On November 14, 2013, Trans Union filed its motion for judgment on the pleadings. The defendant argues that the plaintiff's claims regarding the tax lien and the missing credit accounts are barred by the terms of the Settlement Agreement. (Defendant Trans Union, LLC's Memorandum in Support of Motion for Judgment on the Pleadings Pursuant to Rule 12(c) ("Def. Memo.") at 1). The defendant also contends that the plaintiff's claim regarding the inaccurate contact information is not actionable "because identifying information does not bear on a consumer's creditworthiness and so does not constitute credit reporting information under the FCRA." (Def. Memo. at 2). Earlier, Trans Union had asserted a breach of contract counterclaim, contending that the plaintiff materially breached the Settlement Agreement by filing the current action in which she asserts claims that were, or could have been, raised in the previous lawsuit. (Def. Memo. at 2).


A. Legal Standard

The standard for addressing a motion for judgment on the pleadings pursuant to Rule 12(c) is the same as that used in evaluating a motion to dismiss under Rule 12(b)(6). L-7 Designs, Inc. v. Old Navy, LLC , 647 F.3d 419, 429 (2d Cir. 2011). A court therefore must accept the factual allegations in the complaint as true and draw all reasonable inferences in the plaintiff's favor. Id . A complaint need not contain detailed factual allegations, but it must contain more than mere "labels and conclusions' or a formulaic recitation of the elements of a cause of action.'" Ashcroft v. Iqbal , 556 U.S. 662, 678 (2009) (quoting Bell Atlantic v. Twombly , 550 U.S. 544, 555 (2007)). Where a complaint's factual allegations permit the court to infer only that it is possible, but not plausible, that misconduct occurred, the complaint fails to meet the requirements of Rule 8. Id. at 679 (citing Fed.R.Civ.P. 8(a)(2)). In ruling on a motion to dismiss, the court's task "is merely to assess the legal feasibility of the complaint, not to assay the weight of the evidence which might be offered in support thereof.'" GVA Market Neutral Master Ltd. v. Veras Capital Partners Offshore Fund, Ltd. , 580 F.Supp.2d 321, 327 (S.D.N.Y. 2008) (quoting Eternity Global Master Fund Ltd. v. Morgan Guaranty Trust Co. of New York , 375 F.3d 168, 176 (2d Cir. 2004)).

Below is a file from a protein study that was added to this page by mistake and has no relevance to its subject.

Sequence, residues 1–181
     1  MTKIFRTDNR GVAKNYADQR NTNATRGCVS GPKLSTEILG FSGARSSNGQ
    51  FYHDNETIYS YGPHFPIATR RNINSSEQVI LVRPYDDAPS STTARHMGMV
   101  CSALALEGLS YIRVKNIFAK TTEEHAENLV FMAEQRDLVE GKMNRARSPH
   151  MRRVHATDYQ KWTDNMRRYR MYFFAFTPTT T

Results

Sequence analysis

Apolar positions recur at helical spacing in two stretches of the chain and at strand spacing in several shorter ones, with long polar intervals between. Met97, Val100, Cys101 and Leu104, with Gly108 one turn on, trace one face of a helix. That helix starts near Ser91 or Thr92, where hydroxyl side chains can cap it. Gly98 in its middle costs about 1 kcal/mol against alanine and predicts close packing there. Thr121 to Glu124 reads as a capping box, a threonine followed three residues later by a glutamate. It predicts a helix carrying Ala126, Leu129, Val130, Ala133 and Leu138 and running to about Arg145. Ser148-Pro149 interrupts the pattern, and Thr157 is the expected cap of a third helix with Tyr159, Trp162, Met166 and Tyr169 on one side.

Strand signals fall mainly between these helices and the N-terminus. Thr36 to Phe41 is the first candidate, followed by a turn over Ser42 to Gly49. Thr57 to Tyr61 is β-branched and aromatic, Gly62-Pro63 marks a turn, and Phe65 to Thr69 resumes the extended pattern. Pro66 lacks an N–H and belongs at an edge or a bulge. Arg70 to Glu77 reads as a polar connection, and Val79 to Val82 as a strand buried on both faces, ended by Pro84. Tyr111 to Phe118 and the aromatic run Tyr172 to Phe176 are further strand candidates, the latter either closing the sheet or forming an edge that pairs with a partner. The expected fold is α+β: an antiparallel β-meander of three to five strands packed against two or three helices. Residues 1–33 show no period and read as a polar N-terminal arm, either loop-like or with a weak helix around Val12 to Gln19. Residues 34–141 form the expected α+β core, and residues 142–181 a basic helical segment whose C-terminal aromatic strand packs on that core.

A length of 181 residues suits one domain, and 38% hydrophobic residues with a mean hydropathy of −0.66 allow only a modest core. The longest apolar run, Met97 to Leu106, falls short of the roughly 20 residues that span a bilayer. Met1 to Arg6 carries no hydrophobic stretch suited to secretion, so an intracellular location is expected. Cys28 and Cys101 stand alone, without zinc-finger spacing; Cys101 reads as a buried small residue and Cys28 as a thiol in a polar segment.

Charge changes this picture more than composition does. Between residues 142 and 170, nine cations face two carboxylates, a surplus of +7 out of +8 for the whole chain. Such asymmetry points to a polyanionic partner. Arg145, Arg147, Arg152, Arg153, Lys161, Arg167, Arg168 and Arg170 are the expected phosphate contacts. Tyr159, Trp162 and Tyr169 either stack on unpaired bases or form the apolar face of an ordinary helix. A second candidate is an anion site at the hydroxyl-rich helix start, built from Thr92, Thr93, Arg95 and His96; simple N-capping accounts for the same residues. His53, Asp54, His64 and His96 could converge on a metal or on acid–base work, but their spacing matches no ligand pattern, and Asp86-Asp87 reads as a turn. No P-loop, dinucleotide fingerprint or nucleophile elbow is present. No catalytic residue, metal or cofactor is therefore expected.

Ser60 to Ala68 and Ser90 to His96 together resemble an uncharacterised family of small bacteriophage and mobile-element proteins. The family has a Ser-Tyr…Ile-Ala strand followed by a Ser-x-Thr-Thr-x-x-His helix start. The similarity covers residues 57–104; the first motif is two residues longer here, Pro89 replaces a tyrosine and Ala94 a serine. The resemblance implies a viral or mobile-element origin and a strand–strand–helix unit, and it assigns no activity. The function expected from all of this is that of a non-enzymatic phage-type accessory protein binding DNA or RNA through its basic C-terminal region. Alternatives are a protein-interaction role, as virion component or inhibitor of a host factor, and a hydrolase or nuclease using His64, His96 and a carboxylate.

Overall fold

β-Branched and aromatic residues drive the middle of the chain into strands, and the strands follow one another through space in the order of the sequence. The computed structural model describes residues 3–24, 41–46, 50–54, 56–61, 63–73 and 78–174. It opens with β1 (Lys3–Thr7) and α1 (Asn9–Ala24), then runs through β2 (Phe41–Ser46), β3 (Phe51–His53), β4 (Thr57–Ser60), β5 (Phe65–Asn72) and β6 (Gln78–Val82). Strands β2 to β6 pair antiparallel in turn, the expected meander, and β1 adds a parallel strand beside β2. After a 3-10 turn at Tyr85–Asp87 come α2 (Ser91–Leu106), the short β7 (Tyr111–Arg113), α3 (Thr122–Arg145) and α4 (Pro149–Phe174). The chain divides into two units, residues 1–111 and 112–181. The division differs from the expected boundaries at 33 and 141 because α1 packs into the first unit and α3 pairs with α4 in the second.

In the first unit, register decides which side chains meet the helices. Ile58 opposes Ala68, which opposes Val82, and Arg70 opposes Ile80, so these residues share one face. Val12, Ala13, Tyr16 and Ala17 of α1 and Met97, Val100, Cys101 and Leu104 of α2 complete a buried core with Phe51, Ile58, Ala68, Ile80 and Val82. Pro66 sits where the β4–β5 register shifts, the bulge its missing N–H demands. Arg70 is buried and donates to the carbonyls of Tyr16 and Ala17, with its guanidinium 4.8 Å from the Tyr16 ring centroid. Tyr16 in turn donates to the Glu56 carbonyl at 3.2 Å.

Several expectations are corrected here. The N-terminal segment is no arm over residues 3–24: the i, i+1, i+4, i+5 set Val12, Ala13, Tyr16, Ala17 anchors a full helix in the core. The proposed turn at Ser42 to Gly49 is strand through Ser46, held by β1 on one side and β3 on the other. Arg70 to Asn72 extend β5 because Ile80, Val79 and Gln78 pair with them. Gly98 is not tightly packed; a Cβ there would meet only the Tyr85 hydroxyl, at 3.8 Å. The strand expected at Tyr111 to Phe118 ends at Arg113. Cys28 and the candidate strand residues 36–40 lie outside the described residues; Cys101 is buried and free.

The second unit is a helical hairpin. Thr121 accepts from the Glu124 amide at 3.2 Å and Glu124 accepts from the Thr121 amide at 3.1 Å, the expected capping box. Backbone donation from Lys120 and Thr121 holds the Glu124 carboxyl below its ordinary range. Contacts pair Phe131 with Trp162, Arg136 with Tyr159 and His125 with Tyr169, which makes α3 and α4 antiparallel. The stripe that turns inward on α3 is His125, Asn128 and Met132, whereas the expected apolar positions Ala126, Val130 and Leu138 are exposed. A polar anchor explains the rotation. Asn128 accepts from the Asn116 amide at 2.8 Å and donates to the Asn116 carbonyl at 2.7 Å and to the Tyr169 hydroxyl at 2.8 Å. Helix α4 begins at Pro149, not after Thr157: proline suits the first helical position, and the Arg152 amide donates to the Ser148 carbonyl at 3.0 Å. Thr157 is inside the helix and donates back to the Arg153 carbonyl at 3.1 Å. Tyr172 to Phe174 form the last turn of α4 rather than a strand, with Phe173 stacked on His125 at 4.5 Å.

Pro se complaints are held to less stringent standards than those drafted by lawyers. Haines v. Kerner , 404 U.S. 519, 520-21 (1972); Boykin v. KeyCorp , 521 F.3d 202, 213-14 (2d Cir. 2008) (citing Erickson v. Pardus , 551 U.S. 89, 94 (2007)). In fact, pleadings of a pro se party should be read "to raise the strongest arguments that they suggest.'" Green v. United States , 260 F.3d 78, 83 (2d Cir. 2001) (quoting Graham v. Henderson , 89 F.3d 75, 79 (2d Cir. 1996)). Even after Iqbal, which imposed heightened pleading standards for all complaints, pro se complaints are to be liberally construed. See Harris v. Mills , 572 F.3d 66, 72 (2d Cir. 2009). Dismissal of a pro se complaint is nevertheless appropriate where a plaintiff has clearly failed to meet minimum pleading requirements. See Rodriguez v. Weprin , 116 F.3d 62, 65 (2d Cir. 1997); accord Honig v. Bloomberg, No. 08 Civ. 541 , 2008 WL 8181103, at *4 (S.D.N.Y. Dec. 8, 2008), aff'd, 334 F.Appx. 452 (2d Cir. 2009).

B. The Plaintiff's Claims

1. Tax Lien ...